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Cesnica Recipe #3 - Serbian Christmas Bread


A Preserved Cesnica or Serbian Christmas Bread

Cesnica or Serbian Christmas Bread

© 2009 Barbara Rolek licensed to About.com, Inc.
This recipe for cesnica differs from Cesnica Recipe #1 and Cesnica Recipe #2 in that the dough has a touch of sweetness. The common tie among them is the silver coin baked inside. Whoever finds it will have good luck in the coming year.

Makes 1 large Cesnica or 12 servings

Prep Time: 20 minutes

Cook Time: 1 hour, 30 minutes

Total Time: 1 hour, 50 minutes


  • 2 cups milk, warmed to 105 degrees
  • 4 teaspoons active dry yeast
  • 4 tablespoons sugar
  • 4 large egg yolks (reserve the whites)
  • 4 ounces (1 stick) softened butter
  • 1/2 teaspoon salt
  • Sterilized silver coin
  • .
  • Sculpting Dough:
  • 1 cup all-purpose flour
  • 1 large egg yolk
  • Milk as needed


  1. In the bowl of a stand mixer or other large bowl, combine warm milk and yeast until dissolved. Add sugar and let stand 10 minutes. Add remaining ingredients and mix thoroughly. Knead 7 to 10 minutes by machine and 15 minutes by hand until a smooth, stiff dough forms and pulls away from the sides of the bowl and your fingers.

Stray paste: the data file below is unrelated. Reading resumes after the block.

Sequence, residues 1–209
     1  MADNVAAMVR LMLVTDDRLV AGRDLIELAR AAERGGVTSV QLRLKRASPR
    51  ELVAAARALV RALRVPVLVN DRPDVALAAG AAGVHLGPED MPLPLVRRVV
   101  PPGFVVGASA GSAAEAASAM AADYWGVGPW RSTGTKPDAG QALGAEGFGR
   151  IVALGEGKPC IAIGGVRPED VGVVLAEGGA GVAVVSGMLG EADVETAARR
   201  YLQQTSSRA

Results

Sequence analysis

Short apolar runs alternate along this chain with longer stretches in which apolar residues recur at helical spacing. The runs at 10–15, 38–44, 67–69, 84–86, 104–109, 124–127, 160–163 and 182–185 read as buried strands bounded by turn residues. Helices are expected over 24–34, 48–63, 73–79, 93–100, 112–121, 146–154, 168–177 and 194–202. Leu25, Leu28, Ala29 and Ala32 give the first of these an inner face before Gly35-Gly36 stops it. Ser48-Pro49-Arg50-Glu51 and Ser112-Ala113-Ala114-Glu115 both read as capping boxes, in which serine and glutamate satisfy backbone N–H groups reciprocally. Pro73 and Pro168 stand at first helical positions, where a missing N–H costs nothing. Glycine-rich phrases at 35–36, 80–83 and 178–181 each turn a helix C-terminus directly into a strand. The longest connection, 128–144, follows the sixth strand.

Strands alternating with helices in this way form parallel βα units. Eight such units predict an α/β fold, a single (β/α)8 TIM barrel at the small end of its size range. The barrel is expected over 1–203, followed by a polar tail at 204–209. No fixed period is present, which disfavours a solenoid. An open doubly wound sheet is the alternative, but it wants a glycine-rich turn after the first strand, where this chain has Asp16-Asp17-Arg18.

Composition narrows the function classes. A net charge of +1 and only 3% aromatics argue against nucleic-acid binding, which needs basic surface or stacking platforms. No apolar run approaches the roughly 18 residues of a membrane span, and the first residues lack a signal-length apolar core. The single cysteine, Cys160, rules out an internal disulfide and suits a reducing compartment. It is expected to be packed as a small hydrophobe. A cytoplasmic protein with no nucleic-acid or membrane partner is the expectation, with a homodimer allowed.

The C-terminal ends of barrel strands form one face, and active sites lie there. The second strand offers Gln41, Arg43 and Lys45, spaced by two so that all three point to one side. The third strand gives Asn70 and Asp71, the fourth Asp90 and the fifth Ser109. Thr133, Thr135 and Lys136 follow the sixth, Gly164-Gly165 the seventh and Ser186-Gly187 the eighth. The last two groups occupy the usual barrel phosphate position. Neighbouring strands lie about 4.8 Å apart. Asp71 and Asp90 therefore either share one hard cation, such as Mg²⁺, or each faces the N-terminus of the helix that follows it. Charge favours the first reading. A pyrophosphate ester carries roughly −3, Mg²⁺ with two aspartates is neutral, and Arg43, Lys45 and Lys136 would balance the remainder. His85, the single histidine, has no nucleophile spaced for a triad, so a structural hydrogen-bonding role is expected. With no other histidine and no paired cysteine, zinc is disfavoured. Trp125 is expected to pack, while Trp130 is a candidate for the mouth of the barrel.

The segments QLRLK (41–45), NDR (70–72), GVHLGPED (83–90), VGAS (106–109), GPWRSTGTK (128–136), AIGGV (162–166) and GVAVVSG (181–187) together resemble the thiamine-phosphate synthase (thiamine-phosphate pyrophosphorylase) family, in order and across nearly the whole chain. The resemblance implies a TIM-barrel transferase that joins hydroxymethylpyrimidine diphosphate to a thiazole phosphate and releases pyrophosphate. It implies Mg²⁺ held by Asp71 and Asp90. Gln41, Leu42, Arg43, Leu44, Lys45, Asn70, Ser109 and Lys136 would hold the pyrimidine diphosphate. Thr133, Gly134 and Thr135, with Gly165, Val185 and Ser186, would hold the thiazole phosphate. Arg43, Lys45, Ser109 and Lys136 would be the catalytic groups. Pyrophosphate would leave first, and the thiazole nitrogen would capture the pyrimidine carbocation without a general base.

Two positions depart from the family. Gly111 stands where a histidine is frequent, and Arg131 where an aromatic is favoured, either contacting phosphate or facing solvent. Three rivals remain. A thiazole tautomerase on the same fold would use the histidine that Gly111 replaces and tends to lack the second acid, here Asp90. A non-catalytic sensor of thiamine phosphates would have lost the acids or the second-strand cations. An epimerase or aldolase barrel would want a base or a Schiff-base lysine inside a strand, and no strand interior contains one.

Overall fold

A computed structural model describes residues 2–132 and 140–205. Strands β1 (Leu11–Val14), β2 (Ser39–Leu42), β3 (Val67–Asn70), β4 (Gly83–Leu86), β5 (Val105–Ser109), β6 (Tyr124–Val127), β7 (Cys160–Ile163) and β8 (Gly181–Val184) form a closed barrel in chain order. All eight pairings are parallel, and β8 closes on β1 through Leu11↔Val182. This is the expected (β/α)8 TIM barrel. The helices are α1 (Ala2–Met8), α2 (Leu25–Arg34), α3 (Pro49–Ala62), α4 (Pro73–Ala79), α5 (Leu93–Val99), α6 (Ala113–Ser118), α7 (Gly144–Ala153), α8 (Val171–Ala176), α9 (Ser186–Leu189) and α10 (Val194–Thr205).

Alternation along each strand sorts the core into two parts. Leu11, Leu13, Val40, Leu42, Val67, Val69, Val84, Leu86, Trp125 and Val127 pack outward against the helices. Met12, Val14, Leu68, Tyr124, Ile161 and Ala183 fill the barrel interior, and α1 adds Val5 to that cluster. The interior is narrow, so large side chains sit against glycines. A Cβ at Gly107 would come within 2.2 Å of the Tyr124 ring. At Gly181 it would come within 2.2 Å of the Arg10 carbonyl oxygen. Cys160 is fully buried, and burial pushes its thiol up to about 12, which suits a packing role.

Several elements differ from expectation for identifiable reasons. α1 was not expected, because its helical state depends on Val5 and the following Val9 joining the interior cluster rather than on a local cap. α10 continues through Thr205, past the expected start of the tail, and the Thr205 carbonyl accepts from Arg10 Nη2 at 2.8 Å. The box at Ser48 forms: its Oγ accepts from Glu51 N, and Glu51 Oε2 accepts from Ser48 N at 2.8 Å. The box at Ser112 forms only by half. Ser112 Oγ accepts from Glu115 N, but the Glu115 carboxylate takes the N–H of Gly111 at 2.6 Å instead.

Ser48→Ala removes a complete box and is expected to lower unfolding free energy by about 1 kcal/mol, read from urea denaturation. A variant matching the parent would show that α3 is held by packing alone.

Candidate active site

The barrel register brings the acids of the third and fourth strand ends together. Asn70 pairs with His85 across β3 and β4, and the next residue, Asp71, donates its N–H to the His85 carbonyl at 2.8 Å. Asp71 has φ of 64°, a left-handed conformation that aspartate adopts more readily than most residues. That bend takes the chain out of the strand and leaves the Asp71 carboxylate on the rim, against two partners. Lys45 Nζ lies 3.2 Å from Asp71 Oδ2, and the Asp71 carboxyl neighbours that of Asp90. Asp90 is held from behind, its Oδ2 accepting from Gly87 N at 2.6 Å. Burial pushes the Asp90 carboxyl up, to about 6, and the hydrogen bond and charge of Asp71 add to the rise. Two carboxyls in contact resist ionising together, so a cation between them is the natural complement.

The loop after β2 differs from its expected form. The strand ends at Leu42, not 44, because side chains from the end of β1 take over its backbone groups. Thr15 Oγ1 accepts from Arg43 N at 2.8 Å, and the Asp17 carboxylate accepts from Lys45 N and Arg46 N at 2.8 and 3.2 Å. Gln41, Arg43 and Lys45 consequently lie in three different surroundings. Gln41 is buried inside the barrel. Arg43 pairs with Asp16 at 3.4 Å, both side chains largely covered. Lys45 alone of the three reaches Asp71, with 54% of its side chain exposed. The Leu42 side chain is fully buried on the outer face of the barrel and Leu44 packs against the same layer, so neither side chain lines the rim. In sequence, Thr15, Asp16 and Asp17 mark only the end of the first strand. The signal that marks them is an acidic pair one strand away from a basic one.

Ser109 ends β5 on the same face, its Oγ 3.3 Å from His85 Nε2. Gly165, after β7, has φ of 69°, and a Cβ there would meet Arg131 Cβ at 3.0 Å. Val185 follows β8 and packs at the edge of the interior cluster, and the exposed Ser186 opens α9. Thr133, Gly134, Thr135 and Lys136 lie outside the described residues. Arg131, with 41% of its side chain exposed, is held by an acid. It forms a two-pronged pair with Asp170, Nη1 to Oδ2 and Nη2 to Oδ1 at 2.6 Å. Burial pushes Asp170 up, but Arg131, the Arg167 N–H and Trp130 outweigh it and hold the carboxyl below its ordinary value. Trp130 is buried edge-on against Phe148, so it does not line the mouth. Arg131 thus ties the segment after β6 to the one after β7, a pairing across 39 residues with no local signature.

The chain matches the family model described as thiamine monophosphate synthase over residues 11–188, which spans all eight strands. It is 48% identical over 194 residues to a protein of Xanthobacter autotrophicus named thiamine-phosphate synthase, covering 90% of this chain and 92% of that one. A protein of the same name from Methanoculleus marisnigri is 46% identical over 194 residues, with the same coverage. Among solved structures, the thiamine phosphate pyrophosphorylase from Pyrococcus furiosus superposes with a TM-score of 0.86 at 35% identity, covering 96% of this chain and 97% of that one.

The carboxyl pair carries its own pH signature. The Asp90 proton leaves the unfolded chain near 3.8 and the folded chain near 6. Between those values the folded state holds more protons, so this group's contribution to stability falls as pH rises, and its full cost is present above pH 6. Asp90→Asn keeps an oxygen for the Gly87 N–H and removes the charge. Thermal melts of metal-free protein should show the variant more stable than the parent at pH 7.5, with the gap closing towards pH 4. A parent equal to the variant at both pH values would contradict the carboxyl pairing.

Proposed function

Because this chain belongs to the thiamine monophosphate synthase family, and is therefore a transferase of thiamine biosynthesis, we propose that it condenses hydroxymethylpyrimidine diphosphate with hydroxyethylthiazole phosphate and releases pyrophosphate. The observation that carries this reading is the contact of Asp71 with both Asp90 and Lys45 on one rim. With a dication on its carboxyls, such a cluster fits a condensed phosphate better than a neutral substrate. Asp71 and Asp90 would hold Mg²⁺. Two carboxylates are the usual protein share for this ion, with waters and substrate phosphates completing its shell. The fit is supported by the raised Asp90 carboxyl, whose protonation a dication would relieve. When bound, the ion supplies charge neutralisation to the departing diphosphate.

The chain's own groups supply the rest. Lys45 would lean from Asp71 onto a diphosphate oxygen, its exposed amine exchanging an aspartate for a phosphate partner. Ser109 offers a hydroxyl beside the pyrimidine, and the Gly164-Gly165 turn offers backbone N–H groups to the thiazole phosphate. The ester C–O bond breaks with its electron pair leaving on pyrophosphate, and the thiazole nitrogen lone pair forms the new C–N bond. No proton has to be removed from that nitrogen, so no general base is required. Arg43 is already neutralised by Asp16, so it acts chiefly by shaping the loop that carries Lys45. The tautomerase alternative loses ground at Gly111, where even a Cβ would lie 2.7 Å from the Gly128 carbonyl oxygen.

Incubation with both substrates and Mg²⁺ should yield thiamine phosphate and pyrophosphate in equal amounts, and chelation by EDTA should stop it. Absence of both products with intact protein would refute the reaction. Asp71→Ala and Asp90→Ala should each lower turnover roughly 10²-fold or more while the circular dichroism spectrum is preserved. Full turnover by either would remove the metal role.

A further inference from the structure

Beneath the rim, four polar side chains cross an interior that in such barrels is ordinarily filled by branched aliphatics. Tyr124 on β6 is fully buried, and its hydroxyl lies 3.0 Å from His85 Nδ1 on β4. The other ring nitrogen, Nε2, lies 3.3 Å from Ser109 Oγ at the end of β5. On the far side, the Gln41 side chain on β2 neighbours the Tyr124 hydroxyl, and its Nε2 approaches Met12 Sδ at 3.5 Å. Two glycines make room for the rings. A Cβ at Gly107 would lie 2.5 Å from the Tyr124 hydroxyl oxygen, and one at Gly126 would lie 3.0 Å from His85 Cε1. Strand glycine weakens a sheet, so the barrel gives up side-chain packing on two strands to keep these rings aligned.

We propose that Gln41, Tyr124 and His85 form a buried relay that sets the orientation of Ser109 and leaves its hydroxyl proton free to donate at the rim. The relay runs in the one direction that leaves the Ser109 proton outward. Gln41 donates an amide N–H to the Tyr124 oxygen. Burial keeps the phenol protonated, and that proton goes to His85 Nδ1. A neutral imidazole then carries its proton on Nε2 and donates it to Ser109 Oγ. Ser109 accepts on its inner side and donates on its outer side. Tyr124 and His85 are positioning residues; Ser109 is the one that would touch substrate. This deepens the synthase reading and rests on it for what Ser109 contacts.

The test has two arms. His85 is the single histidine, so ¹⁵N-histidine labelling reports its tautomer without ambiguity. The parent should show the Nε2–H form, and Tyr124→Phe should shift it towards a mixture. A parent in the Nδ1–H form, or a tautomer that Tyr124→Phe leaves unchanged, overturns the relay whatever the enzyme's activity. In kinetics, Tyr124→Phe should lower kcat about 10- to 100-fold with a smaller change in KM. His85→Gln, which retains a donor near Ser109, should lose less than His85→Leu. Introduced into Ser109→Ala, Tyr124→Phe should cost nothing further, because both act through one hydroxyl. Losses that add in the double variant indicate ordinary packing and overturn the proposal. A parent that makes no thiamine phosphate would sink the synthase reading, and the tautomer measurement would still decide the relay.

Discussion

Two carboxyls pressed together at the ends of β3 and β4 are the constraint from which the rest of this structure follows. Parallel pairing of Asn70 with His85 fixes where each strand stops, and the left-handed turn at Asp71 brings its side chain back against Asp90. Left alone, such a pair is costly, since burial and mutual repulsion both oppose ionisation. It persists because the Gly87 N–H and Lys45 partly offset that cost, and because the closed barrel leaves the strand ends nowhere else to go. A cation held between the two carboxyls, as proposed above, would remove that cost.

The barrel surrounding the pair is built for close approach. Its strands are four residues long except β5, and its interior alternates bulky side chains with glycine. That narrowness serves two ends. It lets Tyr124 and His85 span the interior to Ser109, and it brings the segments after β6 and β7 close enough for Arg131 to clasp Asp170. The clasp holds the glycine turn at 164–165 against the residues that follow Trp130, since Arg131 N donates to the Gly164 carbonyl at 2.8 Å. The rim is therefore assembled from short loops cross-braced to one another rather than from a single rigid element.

2. Place dough in a bowl that has been lightly coated with cooking spray, turning once to coat both sides. Cover and let rise until doubled. If, when the dough is touched lightly in the center, it springs back, it needs to rise more.

  3. Lightly coat a deep round baking pan or the ceramic liner from a small slow cooker with cooking spray. Punch down dough and knead a few minutes to release any air bubbles. Transfer to prepared pan and tuck a sterilized silver coin in the dough. Cover and let rise until doubled.

  4. Meanwhile, make the sculpting dough (a nonrising dough that will retain its shape when baked) for the decorations. In a small bowl, mix flour, yolk and enough milk to make a pliable dough. Pinch off pieces and roll by hand to create the decorations.

  5. Heat the oven to 400 degrees. When the bread has risen, dip the decorations in the reserved egg whites and "glue" them on. Typically, the bread is divided into quadrants with a braided rope or flat piece of dough in the shape of a cross. Religious symbols, or shapes denoting the occupation or hobby of members of the household, are placed in the four quadrants. A braided rope or flat ribbon of dough around the circumference of the bread is the final touch.

  6. Brush the entire top of the bread lightly, sculptures and all, with egg white. Bake at 400 degrees for 10 minutes, then cover loosely with a foil tent and reduce the heat to 350 degrees and bake 50 to 60 minutes or until an instant-read thermometer registers 190 degrees. Cool in the pan for 10 minutes, then turn out onto a wire rack to cool completely.

  7. The bread takes a place of honor on the Christmas table along with sprouted wheat that was planted on St. Nicholas Day, walnuts, dried fruit, fresh fruit, and a lighted candle.
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